Sociology student Amy offers her tips for eating healthily on a budget at university.
As I’ve been on this journey as a student, I’ve realised that skipping breakfast and then having a two-hour lecture on crime at 9am probably isn’t the best idea… but you probably knew that anyway.
However, I have come across a few tips and tricks to be able to eat healthily on a budget and trust me, it really helps you in your studies too.
Where you shop
Firstly, where you shop is a big factor in how much money you spend and what you get for your money. Here’s a list of some good UK supermarkets you should consider visiting on a budget.
Aldi and Lidl are the cheapest grocery stores and great to get fresh fruit and veg that is in season. However, if you like particular brands or delivery services, then these two stores can’t help you too much.
It’s also worth bearing in mind some of their dishes can be a bit bland – especially things like pasta or curry sauces. But adding your own herbs and spices can be a quick fix. In Cambridge, we’re about to be surrounded by a brand new Aldi and Lidl, which is very exciting.
Asda is my personal favourite shop. It’s not too far away from me (only a ten-minute walk) and although they offer cheap home delivery, I like to pick my own items and make sure I’m planning carefully around their expiry dates.
Another good thing about Asda is that they often do a price ‘rollback’ on different items throughout the year.
Local food shops, but only after 8pm – you probably know that doing a food shop in a local convenience store such as Co-op or Tesco Express can be very expensive. However, in the evenings they start reducing food that is going out of date.
Here you can buy something like a whole loaf of bread for 20p. It can make a nice evening snack to share with your flatmates, or you could slice it and pop it in the freezer. Defrosting a few slices at a time means it’s great for toast or sandwiches and can last ages.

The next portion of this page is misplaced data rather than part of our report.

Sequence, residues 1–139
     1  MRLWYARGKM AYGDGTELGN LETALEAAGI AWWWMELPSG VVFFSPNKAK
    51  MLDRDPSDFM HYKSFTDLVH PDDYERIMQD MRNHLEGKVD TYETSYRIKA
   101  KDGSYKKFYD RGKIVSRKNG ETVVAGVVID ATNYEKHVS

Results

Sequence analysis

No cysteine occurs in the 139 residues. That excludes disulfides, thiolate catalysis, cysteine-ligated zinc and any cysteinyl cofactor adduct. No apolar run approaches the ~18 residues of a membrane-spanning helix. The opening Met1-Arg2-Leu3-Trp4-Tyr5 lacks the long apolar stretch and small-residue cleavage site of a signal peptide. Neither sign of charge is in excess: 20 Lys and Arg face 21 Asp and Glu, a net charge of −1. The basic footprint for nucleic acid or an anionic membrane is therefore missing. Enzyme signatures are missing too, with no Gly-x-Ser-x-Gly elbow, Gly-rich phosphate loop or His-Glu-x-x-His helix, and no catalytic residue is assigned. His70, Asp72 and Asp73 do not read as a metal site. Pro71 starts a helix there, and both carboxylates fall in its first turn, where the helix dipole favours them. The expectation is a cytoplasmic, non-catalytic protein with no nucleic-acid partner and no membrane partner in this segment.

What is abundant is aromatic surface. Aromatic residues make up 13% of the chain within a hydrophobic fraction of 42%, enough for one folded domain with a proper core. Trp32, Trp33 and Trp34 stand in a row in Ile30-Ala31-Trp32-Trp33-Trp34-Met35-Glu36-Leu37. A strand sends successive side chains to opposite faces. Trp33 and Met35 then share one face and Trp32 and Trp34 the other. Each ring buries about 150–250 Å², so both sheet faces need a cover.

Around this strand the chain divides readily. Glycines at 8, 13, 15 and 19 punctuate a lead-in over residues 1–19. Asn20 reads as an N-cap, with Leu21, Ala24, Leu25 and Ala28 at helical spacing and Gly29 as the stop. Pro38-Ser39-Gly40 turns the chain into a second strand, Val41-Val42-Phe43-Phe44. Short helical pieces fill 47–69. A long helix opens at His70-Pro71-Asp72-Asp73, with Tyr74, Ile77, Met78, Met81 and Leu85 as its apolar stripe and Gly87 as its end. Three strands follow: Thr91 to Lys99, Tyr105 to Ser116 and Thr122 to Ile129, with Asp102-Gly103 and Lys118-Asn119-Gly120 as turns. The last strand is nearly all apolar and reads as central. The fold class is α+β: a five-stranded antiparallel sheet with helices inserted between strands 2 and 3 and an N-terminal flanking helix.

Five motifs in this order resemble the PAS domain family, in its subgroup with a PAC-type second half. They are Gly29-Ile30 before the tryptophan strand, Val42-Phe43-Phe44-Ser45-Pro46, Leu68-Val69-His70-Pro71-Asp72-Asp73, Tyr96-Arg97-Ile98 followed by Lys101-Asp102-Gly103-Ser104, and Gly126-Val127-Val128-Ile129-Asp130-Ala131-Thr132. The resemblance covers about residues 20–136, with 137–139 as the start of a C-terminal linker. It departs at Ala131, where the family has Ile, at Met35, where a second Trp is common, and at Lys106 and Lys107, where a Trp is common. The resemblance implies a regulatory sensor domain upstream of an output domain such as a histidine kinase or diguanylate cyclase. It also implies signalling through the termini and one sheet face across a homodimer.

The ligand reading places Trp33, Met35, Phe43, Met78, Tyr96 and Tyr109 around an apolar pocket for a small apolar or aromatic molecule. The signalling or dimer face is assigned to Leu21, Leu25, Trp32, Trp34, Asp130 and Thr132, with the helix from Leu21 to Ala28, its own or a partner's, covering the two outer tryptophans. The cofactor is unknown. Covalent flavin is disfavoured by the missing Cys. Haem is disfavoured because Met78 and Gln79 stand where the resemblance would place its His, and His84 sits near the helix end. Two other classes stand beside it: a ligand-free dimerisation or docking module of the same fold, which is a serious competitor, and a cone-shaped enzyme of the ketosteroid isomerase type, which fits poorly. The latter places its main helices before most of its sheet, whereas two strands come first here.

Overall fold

What you eat
Now I’m by no means saying you have to eat healthily 24/7, but having a healthy diet can help you with your studies in the long run, as well as save you money from buying meal deals every day.
Pre-making your breakfast and lunch can really help you think carefully about what you eat and what nutrients you’re getting. Batch cooking your favourite dishes, freezing them and taking one out the night before is a really easy way to plan and eat right.
In the Students' Union spaces at ARU there are communal areas that have a microwave and a kettle, so my favourite thing to do on my long study days is to take some tomato pasta from my freezer and re-heat it.
Having a healthy dinner with lots of veggies is also important. I recommend a stir fry, as they’re super easy, and you can fry any vegetables you want very affordably. I like mushrooms, onions, peppers, sweetcorn, peas and broccoli (anything you need to use up!). You can also mix a vegetable stock cube with oil in the pan to add extra flavour.
Soup is another great option. It’s filling, and easy to buy or make. Cans of soup are very cheap, or you can cook a bunch of vegetables in stock mixed with hot water and blend.
Avoiding the hot drink habit
For an affordable hot drink option, I also recommend using your reusable ARU mug (or buy one, I got mine from Asda for £1!), and making a hot drink to take with you.
If you want something fancy like a gingerbread latte or a mint chocolate mocha, I recommend buying the Nescafé drink sachets. You can buy a pack for around £2, and they’re sometimes on offer for £1.50. You get eight sachets so it’s way cheaper than buying a Costa for £3.50 every day.
There are so many ways to keep healthy and avoid the unnecessary fats, sugars and costs of fast foods and takeaway as a student. Making these decisions now can help prepare you for a happy and healthy student experience.
Amy studies Sociology at ARU in Cambridge. Find out more about this and other degree courses at one of our Open Days.